Coffee is a great ingredient to use in beer but how do you get the right amount of coffee whilst not over powering your brew? How should I use coffee in a recipe? What coffee brewing method is the best? These are all the question we’re going to work through. So, grab a nice cup of java and let’s explore the wonder of coffee and how to create an awesome coffee flavoured beer.
It’s pretty obvious that coffee is one of the worlds most loved flavour and that’s defiantly the case when we look at beer. This might not surprise the experienced brewers but when you try a beer and you get those coffee notes, there’s a very good chance that coffee wasn’t actually used at all. Most stouts and porters are brewed with highly toasted barley malts, chocolate malts and black patent malts which gives off coffee like notes whilst also creating a creamy texture.
Just like every ingredient you put in your beer, it’s totally up to you but it is worth considering the beans your going to use but probably just as important is the roast of the bean. Picking the right bean for your beer is pretty simple, you just need to find a flavour that works for your beer. My favourite coffee to drink is probably from Colombia or Nicaragua. Although they are my favourite bean to drink in the morning, I would typically stay away from them because the beans are normally lightly roasted which can normally be lost in your beer (depending on how you use it).
I don’t like my beers to have too much of a caffeine hit so I would normally pick a coffee bean that has a darker roast. Paige Russell highlights that in most cases the darker the roast, the less caffeine that’s in the bean but you also need to be aware that the darkly roasted beans will give off more bitterness and you need to account for that in your recipe. All of these reasons are why it’s important for you to consider the flavour you desire in your beer and then pick the bean according to your desires.
I’m going to talk about 3 different methods, Hot brew, cold brew and dry hopping. All three of these methods are good solutions but before picking your desired method, here’s a couple things to consider that will ultimately have an impact on the flavour of your beer.
The guys at javapressi explain it really well, “Cold brew coffee doesn't use hot water, so it doesn't break down and extract many of the compounds that are responsible for the acidity and bitterness. With less than half the acidity and bitterness of hot brewed coffee, cold brew feels smooth and forgiving on the palate”. I’ve seen many brewers lean towards this method simply to ensure they control the amount of bitterness, especially when working with a hop forward style.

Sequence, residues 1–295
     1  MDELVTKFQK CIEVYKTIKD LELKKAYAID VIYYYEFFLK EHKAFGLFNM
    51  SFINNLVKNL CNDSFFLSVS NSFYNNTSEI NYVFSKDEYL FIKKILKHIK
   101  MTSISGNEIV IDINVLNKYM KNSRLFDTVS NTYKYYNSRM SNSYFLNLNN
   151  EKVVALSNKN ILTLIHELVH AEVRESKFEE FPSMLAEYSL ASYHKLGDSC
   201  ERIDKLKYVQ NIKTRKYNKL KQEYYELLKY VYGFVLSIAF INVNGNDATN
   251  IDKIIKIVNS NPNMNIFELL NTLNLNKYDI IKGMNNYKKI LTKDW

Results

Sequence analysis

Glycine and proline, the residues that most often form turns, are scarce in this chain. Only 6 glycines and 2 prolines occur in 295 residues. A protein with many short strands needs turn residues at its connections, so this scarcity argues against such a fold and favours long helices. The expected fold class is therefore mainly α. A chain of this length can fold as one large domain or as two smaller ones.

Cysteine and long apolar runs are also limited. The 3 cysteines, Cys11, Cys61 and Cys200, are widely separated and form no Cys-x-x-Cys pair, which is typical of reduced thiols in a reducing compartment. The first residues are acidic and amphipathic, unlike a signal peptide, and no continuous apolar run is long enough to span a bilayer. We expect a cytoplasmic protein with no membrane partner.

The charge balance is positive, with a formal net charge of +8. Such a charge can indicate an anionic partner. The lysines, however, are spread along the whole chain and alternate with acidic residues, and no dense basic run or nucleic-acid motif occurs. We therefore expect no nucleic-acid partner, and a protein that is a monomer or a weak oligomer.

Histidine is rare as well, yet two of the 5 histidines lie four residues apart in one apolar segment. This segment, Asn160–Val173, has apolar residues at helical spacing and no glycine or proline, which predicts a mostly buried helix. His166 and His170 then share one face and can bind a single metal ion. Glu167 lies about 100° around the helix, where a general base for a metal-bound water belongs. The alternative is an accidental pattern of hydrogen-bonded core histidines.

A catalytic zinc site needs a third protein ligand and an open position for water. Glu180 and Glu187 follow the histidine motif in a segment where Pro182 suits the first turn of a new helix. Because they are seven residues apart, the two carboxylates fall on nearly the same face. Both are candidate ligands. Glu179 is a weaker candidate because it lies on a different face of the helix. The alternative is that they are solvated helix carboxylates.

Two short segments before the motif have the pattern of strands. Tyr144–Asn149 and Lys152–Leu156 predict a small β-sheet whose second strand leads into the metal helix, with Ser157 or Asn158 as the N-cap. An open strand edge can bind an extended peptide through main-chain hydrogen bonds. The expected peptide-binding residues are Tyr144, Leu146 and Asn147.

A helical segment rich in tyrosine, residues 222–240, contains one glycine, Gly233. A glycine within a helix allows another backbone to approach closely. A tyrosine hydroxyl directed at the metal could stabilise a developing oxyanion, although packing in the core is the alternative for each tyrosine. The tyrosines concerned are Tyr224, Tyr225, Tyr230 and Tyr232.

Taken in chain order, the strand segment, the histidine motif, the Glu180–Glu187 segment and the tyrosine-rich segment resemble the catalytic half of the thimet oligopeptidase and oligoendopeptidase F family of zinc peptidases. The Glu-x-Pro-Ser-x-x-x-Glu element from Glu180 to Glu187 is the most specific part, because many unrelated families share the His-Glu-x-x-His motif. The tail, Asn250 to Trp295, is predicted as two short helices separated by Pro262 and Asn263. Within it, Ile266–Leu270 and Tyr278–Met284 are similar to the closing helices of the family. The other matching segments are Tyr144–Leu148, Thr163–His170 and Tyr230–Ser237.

There are many methods that fall within this area, areopress, cafetière, espresso & chemex to name a few. All of these methods will give you a good cup of coffee but you should expect a very different finish with a varying level of bitterness and body. Once again, the method you pick should be based on the level of bitterness you desire. It’s worth just highlighting that depending on when you plan to put the coffee into the bear you might want let the coffee chill but also make sure everything is sanitised if you’re going to add the coffee into the fermentation vessels or bottling/ kegs.
Finally we’re going to talk about drying hopping with coffee. I have to confess, I’m yet to try this method but I understand why a lot of people turn to this as their favourite method. Having spent some time talking to a few brewers, the general consensus is that you should put less coffee beans in than you think you need and make sure you don’t grind your coffee to fine. Also, a lot of people said they favoured the lighter roasts when dry hopping as the flavour can be too harse.
I don’t know about you but coffee is a huge part of my daily routine. Knowing that I can successfully add coffee into my beer and push the boundaries. Why not experiment with coffee in your next batch? Take a gallon away and throw in some coffee. The most exciting thing about home brewing is you can do what ever you like so if you’re brewing an IPA, why not throw some coffee in and you might be surprised, remember it doesn't have to be a stout.
Whatever the result, enjoy pushing the boundaries and keep brewing!
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